Letter: It's time to get involved

Carpenter writes, "My attitude toward political involvement has changed, for a lot of reasons. One reason is that I have gotten to the age where I’m thinking more about the world that I am leaving to my children and grandchildren."

A person holds a letter with the text "letter to the editor" overlaid on the image.
We are part of The Trust Project.

In the family I grew up in, we almost never talked about anything political.

It wasn’t just the family that I grew up in that was apolitical; the culture I grew up in was mostly apolitical, too. We thought that political activity was something that only certain people did as a hobby. The rest of us were busy doing other things—working jobs, taking care of our families, going to church, and pursuing hobbies that we enjoyed. With most of our friends and extended family, at gatherings we would talk about what our kids were doing, we would talk about the weather, we—especially men--would talk about sports. But talking about politics? We didn’t, we don’t.

There are at least a couple of factors involved here. One, if we think that we are doing “OK,” we have no incentive to change things (Google search “white privilege”). There’s this sense that “other people” are running things and they’re doing a good enough job. Two, we develop a sense that we should spend our time either doing things we like to do or doing things that help us earn money to do what we like to do, and, for most of us, political activity fits neither of those categories.

My attitude toward political involvement has changed, for a lot of reasons. One reason is that I have gotten to the age where I’m thinking more about the world that I am leaving to my children and grandchildren.

In about 2015, I started forcing myself to interrupt my “free time” reading of books that were fun to read with books that would help me learn things I ought to know. I know there is a lot that I still don’t understand, but I am trying to learn.


Here are just a couple of the things that I’ve learned that I think are appropriate for the Fourth of July:

One, the greed, and the narcissism, of the wealthiest people in the U.S. is really incredible. This is the same “class” of people who were OK with humans being enslaved, who were OK with children working in sweatshop factories [they’re still okay with it—read about workers in Haiti making US brand clothing].

They are so greedy that they spend a lot of money—it’s an investment for them, and they’ve had a great financial return on that investment—convincing other people that they should be greedy and narcissistic, too.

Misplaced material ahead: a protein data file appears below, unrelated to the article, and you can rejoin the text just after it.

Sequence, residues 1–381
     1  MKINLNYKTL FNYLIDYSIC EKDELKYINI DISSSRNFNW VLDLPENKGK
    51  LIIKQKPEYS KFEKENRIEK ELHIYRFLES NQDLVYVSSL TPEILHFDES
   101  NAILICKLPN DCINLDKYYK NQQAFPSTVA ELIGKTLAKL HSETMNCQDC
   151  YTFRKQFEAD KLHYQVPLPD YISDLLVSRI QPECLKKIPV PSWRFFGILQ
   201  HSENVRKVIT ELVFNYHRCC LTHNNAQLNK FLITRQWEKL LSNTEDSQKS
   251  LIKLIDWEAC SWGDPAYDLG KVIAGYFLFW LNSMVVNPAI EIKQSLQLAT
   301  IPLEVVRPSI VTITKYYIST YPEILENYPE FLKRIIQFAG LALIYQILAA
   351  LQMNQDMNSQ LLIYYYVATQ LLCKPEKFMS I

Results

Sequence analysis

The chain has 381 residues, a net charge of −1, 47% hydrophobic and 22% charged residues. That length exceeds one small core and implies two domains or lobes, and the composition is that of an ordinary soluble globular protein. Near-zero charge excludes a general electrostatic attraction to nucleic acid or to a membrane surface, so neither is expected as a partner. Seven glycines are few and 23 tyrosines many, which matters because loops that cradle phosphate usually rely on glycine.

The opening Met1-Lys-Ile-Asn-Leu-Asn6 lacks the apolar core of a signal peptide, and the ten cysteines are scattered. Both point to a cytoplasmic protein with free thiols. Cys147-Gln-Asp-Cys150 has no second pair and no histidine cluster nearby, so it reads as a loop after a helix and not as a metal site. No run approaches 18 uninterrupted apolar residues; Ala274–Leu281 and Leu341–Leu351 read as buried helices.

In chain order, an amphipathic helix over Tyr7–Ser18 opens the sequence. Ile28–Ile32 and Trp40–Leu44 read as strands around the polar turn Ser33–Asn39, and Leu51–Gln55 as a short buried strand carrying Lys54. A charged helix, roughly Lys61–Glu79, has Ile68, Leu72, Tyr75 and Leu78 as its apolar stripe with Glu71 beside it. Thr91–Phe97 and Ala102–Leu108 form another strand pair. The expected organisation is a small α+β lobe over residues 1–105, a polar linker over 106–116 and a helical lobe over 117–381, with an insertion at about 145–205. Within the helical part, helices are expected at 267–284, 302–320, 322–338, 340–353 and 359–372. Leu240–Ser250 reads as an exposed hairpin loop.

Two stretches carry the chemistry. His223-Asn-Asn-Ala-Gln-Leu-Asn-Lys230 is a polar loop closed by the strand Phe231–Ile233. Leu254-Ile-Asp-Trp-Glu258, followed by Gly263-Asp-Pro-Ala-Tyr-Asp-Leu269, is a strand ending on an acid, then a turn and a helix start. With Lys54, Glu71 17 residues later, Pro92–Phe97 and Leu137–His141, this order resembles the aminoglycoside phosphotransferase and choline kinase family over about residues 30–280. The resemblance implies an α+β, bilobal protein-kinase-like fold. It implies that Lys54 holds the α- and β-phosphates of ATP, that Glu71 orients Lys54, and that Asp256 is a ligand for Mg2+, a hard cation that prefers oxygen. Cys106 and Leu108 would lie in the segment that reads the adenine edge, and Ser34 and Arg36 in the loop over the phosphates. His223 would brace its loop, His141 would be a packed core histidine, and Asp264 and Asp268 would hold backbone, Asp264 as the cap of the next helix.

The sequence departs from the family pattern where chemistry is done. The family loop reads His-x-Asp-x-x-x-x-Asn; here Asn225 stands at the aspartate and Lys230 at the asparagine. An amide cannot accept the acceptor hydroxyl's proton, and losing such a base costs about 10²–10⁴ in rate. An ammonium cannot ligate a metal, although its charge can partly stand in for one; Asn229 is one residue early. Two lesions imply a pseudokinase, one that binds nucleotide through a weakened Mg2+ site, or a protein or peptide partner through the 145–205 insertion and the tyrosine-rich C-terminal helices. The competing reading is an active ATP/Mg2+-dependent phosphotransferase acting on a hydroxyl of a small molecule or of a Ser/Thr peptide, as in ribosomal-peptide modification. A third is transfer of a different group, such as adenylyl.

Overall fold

Consider public schools. Lots of wealthy people don’t want to spend money on public schools because they send their kids to private schools. So the wealthy convince people who send their kids to those public schools to vote against raising taxes to better fund public schools.

Two, the rich people who are reaping this country’s wealth—not only do they not want to pay a fair share for the infrastructure that creates that wealth for them; they don’t want to pay anything toward that infrastructure. (Read "Dark Money" by Jane Mayer.)

If you thought those rich people were working to solve problems like crime, poverty, homelessness, the climate crisis—they’re not. They only care about making money for themselves. And they want you to stay apolitical, to spend your time fishing or hunting or watching reality tv; they want you to have just enough money to feel you’re doing OK, and they want you to ignore the suffering of millions who are less fortunate than you.

Desmond Tutu said, “If you are neutral in situations of injustice, you have chosen the side of the oppressor.” He was talking to me, he was talking to you.

Most people care very much about their neighbors and realize how interconnected we are. Most people care about a lot more than just accumulating wealth for themselves. But we need to learn to ignore the lies that greedy, rich people—in both major political parties—are telling us about what we should be doing, how we should be voting.


We have the resources to solve all of the societal problems we are concerned about; but we don’t because the rich (I’m not talking about most millionaires; I’m talking about multi-billionaires) convince us that instead we should give most of the wealth we create to a handful of people who are already obscenely wealthy and who don’t give a damn about anyone else.

This Fourth of July, I urge you to consider that political involvement is not a hobby for other people. It’s part of your civic duty as someone who lives in this country. I don’t think voting alone is enough, but informed voting is a good start.

Carpenter graduated from Moorhead High School in 1972. He lives in St. Cloud. He may be reached at .

This letter does not necessarily reflect the opinion of The Forum's editorial board nor Forum ownership.

What to read next
"We are at a point that everything that is said or done is going to be offensive to someone at some point," writes Moorhead resident Karen Pitsenbarger. "Does that mean it should be changed?"
Ashley Ladbury Hrichena and Randi Dombek, co-presidents of the League of Women Voters of the Red River Valley, urge residents to consider becoming poll workers.
Koehler responds to recent letters about abortion.
Charles writes, "Now it looks like climate change will be the new weapon of control and your coverage is falling right in line."